Does transition matter?
I know it does. For me it gave me two perspectives. First, an understanding of transition gave me critical context. It allowed me to interpret what was going on for me. With it I was less buffeted by the emotions. It was a steady anchor – this understanding.
It also gave me a roadmap – a playbook – for unchartered territory. Even though I was walking forward into uncertainty I was less unglued about not knowing. I could trust the process. It offered vocabulary and context and sight lines.
I’ve come to believe that an awareness and understanding of transition is an invaluable gift of strength in an uncertain time.
Where do you stand? Does transition matter?
Copyright © 2015 NovoFemina.com. All rights reserved. No content on this site may be reused in any fashion without written permission from NovoFemina.com.
“We need your voice,” I said in closing a workshop with about a dozen women on a Saturday in early September. I was making a connection between an exercise we’d done on developing our own voices and the needs of our national economy. I view the development & expression of women’s voices as fundamental to our country’s long-term economic well-being. For me it’s an easy and obvious linkage – although I won’t bore you with the details here. What surprised me in that Saturday moment was the reaction I got. The attendees were honestly touched. My comment seemed to elevate our work. It connected every one of us to something greater. Our voice work was instantly relevant. Meaningful. Continue reading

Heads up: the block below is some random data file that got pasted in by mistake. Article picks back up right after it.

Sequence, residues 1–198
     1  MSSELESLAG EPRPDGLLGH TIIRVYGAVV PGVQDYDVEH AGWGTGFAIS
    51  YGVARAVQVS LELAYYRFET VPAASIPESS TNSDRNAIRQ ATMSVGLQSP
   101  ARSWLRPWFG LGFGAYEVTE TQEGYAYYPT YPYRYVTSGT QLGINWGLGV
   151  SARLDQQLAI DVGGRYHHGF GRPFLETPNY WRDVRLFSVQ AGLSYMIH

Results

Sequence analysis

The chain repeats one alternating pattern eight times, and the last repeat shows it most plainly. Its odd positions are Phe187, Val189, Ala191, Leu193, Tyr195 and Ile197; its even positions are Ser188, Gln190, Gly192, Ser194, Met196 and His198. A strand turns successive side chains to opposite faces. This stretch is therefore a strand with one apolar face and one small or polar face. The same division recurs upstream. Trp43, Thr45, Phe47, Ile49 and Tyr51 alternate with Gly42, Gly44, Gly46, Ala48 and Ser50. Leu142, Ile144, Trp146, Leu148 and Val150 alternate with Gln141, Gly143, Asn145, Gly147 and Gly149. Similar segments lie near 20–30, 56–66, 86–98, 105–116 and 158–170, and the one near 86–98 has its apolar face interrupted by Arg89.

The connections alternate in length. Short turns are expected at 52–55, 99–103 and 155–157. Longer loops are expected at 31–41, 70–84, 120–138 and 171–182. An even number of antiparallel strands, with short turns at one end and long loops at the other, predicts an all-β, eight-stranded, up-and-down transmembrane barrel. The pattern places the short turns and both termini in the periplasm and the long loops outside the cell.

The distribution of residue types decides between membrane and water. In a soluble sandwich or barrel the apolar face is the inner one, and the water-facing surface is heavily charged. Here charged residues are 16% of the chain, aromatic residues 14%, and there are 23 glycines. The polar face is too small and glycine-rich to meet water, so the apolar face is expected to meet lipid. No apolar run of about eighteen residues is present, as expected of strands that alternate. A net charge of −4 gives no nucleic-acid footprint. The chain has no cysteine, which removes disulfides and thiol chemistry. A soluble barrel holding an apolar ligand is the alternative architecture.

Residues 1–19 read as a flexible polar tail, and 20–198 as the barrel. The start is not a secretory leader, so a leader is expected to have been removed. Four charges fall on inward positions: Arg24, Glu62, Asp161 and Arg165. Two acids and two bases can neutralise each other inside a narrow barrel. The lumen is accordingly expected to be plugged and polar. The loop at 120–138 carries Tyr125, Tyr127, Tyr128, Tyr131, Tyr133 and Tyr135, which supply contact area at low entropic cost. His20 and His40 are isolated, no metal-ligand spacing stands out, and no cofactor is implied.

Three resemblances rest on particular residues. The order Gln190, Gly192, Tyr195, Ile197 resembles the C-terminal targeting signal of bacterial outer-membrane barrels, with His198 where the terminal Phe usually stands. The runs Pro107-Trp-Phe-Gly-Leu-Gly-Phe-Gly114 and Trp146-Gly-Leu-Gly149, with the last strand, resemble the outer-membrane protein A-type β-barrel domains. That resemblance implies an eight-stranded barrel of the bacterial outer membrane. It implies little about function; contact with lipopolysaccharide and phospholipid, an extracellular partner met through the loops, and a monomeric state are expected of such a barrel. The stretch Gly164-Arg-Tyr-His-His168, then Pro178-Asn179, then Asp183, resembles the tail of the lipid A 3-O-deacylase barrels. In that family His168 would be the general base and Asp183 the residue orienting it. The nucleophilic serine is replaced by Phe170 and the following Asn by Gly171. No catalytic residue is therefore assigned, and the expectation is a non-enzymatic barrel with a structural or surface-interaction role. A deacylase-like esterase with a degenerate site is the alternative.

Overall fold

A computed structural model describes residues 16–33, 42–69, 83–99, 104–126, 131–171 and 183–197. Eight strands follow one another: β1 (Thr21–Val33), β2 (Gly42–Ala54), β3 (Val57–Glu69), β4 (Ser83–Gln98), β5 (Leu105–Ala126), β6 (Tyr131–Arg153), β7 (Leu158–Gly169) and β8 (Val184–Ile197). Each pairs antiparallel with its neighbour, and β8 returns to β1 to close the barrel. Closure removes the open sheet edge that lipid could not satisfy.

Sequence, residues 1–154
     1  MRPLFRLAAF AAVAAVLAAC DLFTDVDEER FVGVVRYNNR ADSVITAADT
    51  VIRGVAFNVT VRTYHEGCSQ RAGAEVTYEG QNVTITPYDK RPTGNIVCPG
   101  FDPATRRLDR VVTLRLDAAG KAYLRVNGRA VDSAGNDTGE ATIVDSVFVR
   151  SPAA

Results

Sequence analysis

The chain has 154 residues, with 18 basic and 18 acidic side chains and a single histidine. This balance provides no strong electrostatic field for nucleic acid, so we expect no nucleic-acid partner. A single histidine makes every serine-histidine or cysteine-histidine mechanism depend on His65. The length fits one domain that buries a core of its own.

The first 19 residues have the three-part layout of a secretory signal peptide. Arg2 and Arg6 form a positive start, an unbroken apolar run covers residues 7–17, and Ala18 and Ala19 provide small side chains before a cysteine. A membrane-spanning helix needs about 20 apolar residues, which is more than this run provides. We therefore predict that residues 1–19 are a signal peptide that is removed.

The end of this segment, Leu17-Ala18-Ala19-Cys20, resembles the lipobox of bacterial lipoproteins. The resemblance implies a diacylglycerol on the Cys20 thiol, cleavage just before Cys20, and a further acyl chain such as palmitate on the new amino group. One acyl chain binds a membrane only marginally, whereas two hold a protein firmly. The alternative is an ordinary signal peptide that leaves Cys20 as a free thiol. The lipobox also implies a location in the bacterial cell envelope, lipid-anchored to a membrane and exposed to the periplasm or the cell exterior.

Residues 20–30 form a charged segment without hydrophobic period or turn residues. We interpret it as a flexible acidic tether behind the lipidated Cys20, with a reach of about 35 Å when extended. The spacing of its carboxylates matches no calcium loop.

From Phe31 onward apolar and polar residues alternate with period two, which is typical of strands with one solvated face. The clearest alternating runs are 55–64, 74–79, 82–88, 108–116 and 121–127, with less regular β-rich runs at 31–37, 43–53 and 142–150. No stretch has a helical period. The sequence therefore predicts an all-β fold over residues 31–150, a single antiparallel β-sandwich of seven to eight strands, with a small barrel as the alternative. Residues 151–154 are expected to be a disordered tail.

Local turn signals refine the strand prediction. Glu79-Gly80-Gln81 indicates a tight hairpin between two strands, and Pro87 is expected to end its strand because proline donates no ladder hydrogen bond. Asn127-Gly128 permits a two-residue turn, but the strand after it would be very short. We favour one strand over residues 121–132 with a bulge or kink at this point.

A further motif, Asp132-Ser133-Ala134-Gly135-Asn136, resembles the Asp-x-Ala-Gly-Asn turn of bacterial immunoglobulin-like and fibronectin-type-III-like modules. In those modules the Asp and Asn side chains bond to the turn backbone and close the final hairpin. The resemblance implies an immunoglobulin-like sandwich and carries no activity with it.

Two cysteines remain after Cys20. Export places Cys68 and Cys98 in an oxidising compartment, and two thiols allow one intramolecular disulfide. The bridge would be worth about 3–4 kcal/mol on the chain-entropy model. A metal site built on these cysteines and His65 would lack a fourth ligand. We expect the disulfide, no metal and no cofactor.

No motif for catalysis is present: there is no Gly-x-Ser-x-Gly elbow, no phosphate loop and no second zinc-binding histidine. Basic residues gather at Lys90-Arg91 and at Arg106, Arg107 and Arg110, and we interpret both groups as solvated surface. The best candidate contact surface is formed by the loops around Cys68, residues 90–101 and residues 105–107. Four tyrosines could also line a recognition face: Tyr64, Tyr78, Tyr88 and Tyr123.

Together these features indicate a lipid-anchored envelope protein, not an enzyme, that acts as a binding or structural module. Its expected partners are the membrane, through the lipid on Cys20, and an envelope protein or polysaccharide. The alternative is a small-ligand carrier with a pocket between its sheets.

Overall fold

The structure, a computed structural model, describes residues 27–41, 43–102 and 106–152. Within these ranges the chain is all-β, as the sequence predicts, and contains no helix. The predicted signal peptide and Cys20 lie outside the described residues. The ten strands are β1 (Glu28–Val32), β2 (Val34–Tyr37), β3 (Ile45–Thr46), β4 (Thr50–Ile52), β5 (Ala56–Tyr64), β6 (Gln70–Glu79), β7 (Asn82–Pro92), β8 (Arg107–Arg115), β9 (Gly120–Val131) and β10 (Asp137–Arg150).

I’ll never forget an interview I did for my book….. One afternoon a mid-forties woman who had three sons joined me for coffee in an artsy bakery in Pasadena, CA. She agreed to talk with me about her transition, triggered by an empty nest. Shortly after we began we unexpectedly turned our focus to an earlier transition, her decision to leave the workforce. She offered, “there was a lot of pressure on me to buy into the concept of being a full-time mother.” Her husband and her in-laws voiced strong opposition to her continuing to work. Financially she and her husband thought they could get by on one salary. Neither of her own parents were living. She said of her experience, “I was the guilty party for wanting to pursue my work. It was a particularly difficult time.” Continue reading
Three of us had lunch. We got together because one of our crew was embroiled in a complex issue at work. We listened to facts. We agreed. We disagreed. We offered opinions. Two minutes before parting the two of us not in the spotlight that day gave quick updates. I told the story about my editor’s pre-Holiday remark, “I am finally hearing YOUR voice.” She said it to me after patiently reviewing draft upon draft of my book. Out of the blue a note arrived a few days after our lunch…. Continue reading